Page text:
Lines are drawn & alliances are tested as FAM celebrates their big day.
If you have friends who insist on getting involved in MLM scams, you might notice that some of their social media posts have a false sense of defiance to them. They’re going to build their empire in spite of their friends’ and families’ refusal to support them (i.e. buy their overpriced junk), and if they do it alone, then so be it, that’s what it means to survive in the dog-eat-dog world of big business. Like everything else about MLMs, it’s all scripted, meant to be both inspiring to those who are considering getting involved themselves, and guilt inducing for those who don’t fall for it. “You’re either with me, or against me” is an oddly aggressive tactic to take when it comes to selling, say, scented candles, but it’s one of the cornerstones of the MLM industry. “It’s war,” Obie Garbeau II (Ted Levine) says, in the penultimate episode of On Becoming a God in Central Florida. “And war is heck.”
I said in last week’s recap that it didn’t seem possible that Krystal (Kirsten Dunst) would end up working for FAM, but she is. To no one’s surprise, employment at Paradise Cay means long hours of cheap labor, and constantly being reminded that she needs to “pay her dues” before moving up in the ranks, while Carol (Julie Benz), who’s apparently been brought into Louise’s (Sharon Lawrence) inner circle, smirks at her in derision. It’s a steady paycheck, though, and as most of us know, eating shit so you can pay your bills and take care of your kids is the American Way.
Cody’s (Theodore Pellerin) job isn’t much better, though, as he gets stuck spraying down Obie’s nude body with self-tanner. He gets a slightly better assignment, however, when he’s tasked with watching over the orphaned children who are supposed to be benefit from the “Wham Bam Thank You FAM 37th Anniversary Jam,” an event that’s half-telethon and half-tribute to FAM. Curiously, Obie is co-hosting the event with sworn nemesis and business rival Buck Bridges (David Paymer), whose name, mea culpa, I misheard as Bud Bridges up until this point. Despite their seething with hatred for each other off-camera, on camera they’re schmoozy pals, even performing a FAM-flavored take on “Let’s Call the Whole Thing Off.” The rubes watching in the audience eat it up, and it’s for a good cause, raising money for orphans who need adoptive families, and if you believe Obie gives one single damn about orphans, I have a case of FAM-branded extra fluffy toilet paper to sell you.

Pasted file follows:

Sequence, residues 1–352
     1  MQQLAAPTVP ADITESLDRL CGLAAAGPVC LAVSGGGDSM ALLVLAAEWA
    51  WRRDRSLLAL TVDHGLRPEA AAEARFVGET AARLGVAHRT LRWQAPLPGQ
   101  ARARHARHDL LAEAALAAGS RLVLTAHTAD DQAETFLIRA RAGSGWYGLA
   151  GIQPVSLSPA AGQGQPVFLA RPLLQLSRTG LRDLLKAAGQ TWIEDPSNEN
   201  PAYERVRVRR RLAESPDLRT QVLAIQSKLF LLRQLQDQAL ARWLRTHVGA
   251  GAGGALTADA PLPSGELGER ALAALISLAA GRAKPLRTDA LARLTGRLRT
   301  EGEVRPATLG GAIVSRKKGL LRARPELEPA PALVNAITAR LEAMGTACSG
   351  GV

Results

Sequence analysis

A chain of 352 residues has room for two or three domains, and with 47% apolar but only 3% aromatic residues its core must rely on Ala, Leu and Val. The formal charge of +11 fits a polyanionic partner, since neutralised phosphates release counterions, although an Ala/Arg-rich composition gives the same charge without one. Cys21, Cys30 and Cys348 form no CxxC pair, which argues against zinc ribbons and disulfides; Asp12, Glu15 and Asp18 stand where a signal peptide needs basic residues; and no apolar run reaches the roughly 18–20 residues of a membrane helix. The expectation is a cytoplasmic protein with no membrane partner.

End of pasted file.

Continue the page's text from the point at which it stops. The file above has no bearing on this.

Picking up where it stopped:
I don’t doubt that whatever side he ultimately aligns himself with will result in a bad end for him, because neither Obie or Krystal really care about him, and there’s an unexpected tragedy in that.
Not even Cody really seems to buy that, but he’s already confused enough as it is, torn between his loyalty to FAM, and his feelings for Krystal. The trajectory of Cody as a character is fascinating – while he’s still absolutely loathsome (as exhibited when he insists that the orphans should be forced to wear makeup before going on camera), the cracks in his surface are revealing a weak, profoundly naive child. I don’t doubt that whatever side he ultimately aligns himself with will result in a bad end for him, because neither Obie or Krystal really care about him, and there’s an unexpected tragedy in that. Sure, the kid’s a smug, spineless creep, but even he doesn’t deserve to be so deeply in love with and needy of approval from two people who only view him as a means to an end.
Things are quickly spiraling for Ernie (Mel Rodriguez) and Bets (Beth Ditto), as Ernie misses a promised counseling appointment with Bets and their pastor. Ernie, struggling more than ever with the trauma of the pizza restaurant shooting, is disturbingly finding more comfort in Obie’s blathering nonsense than in his faith, and his refusal to talk about the incident with Bets is driving their marriage off the rails. It’s unclear if Ernie is delusional at this point about what role FAM can play in his life or has simply given into it because, like Krystal agreeing to work for Louise, he has no other choices. Sweetly naive Bets, in refusing to appear on the telethon with Ernie and their son as a “FAM success story,” is still able to admit out loud what he can’t: they’re not a “FAM success story.” There’s no such thing.